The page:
The Chinese government obviously doesn't want the CHinese to look at pornography or learn anything about Marxism! MIA stands for Marxist Internet Archives. The post is copied from the list PEN-L
January 10 - 13: Sporadic reports come in from volunteers in Australia
and Asia that the MIA is not accesible for a few hours, and then comes
January 15: MIA detects a series of DoS (Denial of Service) SYN floods
from various Chinese networks. Unlike the attacks of the previous few
days, these are constant. These attacks cause our server to have a
kernel panic and crash. Just as soon as the server reboots, the SYN
floods [CVE-1999-0116] cause another crash, and this continues
First, we write a crude script that blocks every SYN flood attempt,
every minute. This is successful only for a short period, as the sheer
number of Chinese IPs sending the SYN floods is too large to overcome.
Next, we figure out that the SYN floods are exploiting a vulnerability
in the Linux kernel (version 2.4.23), and we rebuild the Linux kernel
to version 2.4.34, which overcomes these attacks. Meanwhile, the
nature and origin of the attack, our previous history with the Chinese
government (censorship, etc), and the experience of others suggest
that this maybe politically motivated and directed by the Chinese
1 hour sample of attacking IP origins
China Railway Telecom, Beijing
CNC Group, Liaoning Province Network, Liaoning
China Net, Guangdong Province Network, Guanzhou
China Net, Changsha Node Network
China Net, Shandong Province Network, Jinan
Xinhua News Agency
CNC Group, Beijing Province Network, Beijing
Nanjing Medical University, Nanjing Jiangsu Province Network, Nanjing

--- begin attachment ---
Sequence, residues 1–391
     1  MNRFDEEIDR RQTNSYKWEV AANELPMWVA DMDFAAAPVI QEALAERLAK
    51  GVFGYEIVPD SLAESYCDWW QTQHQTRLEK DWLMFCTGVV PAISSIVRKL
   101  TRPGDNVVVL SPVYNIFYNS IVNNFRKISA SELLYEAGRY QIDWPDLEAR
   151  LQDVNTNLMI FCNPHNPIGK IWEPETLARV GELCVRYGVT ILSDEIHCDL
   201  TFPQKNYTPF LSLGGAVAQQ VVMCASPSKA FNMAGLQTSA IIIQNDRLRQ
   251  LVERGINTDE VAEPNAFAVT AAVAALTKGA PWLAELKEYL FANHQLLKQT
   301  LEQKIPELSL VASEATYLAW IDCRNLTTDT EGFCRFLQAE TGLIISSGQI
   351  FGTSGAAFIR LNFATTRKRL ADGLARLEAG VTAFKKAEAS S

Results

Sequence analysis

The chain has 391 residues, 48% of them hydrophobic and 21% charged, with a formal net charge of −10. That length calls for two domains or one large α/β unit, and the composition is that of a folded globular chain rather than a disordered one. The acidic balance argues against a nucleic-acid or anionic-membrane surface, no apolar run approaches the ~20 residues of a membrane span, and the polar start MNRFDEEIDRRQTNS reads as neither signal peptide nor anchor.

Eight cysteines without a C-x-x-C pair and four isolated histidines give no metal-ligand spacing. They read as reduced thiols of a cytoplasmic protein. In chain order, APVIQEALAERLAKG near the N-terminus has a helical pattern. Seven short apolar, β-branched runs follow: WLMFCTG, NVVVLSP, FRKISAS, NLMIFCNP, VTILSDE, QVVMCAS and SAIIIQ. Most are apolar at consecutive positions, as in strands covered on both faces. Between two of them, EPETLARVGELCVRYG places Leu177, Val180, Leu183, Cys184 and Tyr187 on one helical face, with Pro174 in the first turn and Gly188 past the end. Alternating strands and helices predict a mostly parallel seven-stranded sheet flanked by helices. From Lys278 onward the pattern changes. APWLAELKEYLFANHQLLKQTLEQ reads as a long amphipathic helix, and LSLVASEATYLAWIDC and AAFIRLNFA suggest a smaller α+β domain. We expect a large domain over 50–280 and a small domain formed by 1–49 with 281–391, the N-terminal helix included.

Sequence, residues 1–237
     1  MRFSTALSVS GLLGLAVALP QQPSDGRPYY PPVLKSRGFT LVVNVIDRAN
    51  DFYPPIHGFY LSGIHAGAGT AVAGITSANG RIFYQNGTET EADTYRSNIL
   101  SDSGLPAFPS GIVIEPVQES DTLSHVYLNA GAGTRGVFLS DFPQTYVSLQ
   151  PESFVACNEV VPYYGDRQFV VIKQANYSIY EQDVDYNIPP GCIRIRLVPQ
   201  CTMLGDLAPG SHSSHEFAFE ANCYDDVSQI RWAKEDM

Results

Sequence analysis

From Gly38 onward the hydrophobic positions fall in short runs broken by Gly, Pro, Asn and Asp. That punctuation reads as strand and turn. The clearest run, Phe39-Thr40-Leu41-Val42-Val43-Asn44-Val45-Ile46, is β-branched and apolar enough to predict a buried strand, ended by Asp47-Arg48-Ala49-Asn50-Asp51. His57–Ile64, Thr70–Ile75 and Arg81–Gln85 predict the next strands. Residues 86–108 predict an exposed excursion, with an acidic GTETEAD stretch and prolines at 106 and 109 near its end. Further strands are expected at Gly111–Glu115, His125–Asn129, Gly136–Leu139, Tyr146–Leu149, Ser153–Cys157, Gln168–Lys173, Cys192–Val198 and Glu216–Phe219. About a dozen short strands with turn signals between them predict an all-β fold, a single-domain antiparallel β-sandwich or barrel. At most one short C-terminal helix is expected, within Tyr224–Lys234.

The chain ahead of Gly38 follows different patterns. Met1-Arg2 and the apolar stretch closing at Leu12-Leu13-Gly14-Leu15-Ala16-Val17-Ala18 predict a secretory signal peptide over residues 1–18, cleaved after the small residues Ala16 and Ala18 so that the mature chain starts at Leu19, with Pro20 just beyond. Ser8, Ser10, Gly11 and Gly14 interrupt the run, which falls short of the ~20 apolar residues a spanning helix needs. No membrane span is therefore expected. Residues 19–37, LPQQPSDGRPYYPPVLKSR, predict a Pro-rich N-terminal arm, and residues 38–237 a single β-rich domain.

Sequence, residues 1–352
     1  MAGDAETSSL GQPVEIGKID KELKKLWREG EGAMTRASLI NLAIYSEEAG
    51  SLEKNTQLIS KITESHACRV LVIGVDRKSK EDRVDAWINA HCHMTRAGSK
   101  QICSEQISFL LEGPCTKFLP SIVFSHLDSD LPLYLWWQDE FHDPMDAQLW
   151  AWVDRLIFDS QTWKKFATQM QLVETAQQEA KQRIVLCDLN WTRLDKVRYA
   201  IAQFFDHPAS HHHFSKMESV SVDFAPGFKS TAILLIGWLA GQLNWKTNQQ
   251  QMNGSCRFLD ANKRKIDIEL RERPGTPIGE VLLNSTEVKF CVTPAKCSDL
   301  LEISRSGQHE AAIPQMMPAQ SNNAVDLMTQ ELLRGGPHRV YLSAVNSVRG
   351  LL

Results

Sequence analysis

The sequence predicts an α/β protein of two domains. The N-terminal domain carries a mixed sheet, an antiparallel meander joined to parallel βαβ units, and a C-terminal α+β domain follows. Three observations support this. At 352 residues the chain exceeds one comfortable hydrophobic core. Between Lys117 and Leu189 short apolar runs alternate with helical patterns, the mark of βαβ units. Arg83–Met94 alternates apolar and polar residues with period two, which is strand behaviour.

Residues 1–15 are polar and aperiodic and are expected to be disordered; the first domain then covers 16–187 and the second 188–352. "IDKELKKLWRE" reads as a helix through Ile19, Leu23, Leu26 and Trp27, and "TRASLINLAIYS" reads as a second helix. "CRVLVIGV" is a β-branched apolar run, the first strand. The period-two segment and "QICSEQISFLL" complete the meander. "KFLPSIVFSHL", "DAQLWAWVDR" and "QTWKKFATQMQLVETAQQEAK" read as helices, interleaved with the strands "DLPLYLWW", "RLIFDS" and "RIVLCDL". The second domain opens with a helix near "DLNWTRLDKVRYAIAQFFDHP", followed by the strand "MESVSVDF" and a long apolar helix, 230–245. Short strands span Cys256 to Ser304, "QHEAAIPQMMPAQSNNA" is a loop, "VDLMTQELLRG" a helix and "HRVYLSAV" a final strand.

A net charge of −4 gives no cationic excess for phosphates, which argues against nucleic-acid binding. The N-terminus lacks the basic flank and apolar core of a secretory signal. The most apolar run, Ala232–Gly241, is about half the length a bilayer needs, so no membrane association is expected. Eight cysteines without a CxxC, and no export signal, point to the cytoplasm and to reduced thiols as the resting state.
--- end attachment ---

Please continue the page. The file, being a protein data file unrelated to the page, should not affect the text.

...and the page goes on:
China Net, Jiangsu Province Network, Jiangsu
China Railway Telecom Center, unknown city
At this point, however, our 4 year old server heaves under the strain.
The string of constant reboots has taken its toll: the server reports
a Machine Check Exception of a CPU context corruption, causing further
crashes. This process further bludgeons the damaged server, and
subsequent boots cause a failure in the RAID, forcing a rebuild of the
array. During further crashes, one of the disks fails, causing future
rebuilds of the array to be quite hopeless.
Ironically, MIA had planned to purchase a new server in 2007, since
our server was 4 years old, and our life expectancy for the server had
nearly arrived. This attack forced this process to double, but another
disaster would soon strike.
January 16: In order to buy a new server, we needed to speak to our
hosting provider and ISP, CCCP. We had been trying to contact CCCP for
several months, to no avail, but after an urgent appeal, we finally
recieved a response: CCCP is shutting down on February 1st. This, at
least, explained our difficulties in contacting them!
To recount events to date: first, we are attacked by China; second,
our server hardware fails; third, our hosting provider is shutting
down in two weeks.
Late in the day, after reviewing several options, we resolve on the
kind of server to buy to meet our needs.
January 17: After a long search consisting of about 12 different
options for colocation, we find one that suits our high bandwidth
needs at a reasonable, low cost.
January 18: After three days of debate, MIA votes 14 to 4 to include
notice indicating that the source of the attacks was likely the
January 20: Marxists.org is redirected to our mirror servers. On the
following day, a round robin DNS is setup between three MIA mirrors.
January 21-24: Mirror sites find a change in tactics, now a more crude
Denial of Service attack is launched: Chinese sources download in mass
material from the Chinese section. The German mirror combats this by
limiting the number of connections to the server. Nevertheless, server
load remains extremely high.